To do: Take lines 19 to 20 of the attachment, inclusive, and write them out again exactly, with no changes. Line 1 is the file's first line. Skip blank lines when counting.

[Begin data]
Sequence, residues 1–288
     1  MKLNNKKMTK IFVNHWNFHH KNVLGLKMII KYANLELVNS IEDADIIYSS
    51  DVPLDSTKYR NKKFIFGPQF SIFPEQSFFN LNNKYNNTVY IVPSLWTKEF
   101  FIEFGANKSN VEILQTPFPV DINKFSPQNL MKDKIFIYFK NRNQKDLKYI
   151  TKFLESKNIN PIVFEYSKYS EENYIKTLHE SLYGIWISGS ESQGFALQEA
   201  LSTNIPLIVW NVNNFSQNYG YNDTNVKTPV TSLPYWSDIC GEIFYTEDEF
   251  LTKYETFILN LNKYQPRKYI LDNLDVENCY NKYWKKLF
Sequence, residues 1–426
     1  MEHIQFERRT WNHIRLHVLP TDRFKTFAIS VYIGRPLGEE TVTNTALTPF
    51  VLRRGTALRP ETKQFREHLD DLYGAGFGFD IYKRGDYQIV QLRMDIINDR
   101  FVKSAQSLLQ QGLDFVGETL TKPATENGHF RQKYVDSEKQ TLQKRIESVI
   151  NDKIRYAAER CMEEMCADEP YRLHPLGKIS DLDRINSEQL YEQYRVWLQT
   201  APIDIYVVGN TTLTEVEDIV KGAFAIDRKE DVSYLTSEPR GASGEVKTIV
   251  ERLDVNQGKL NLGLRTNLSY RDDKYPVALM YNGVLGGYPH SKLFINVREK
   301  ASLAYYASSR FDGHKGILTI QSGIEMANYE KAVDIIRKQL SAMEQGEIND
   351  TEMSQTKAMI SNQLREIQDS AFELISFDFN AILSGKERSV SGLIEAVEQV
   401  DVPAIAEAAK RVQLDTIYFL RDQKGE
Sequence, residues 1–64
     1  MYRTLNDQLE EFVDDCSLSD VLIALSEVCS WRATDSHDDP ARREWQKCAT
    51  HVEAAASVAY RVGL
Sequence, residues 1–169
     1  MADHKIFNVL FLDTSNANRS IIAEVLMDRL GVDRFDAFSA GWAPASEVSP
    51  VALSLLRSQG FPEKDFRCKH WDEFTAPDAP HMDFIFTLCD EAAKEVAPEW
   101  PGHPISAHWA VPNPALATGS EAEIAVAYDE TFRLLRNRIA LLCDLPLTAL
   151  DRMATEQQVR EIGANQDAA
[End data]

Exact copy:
     1  MYRTLNDQLE EFVDDCSLSD VLIALSEVCS WRATDSHDDP ARREWQKCAT
    51  HVEAAASVAY RVGL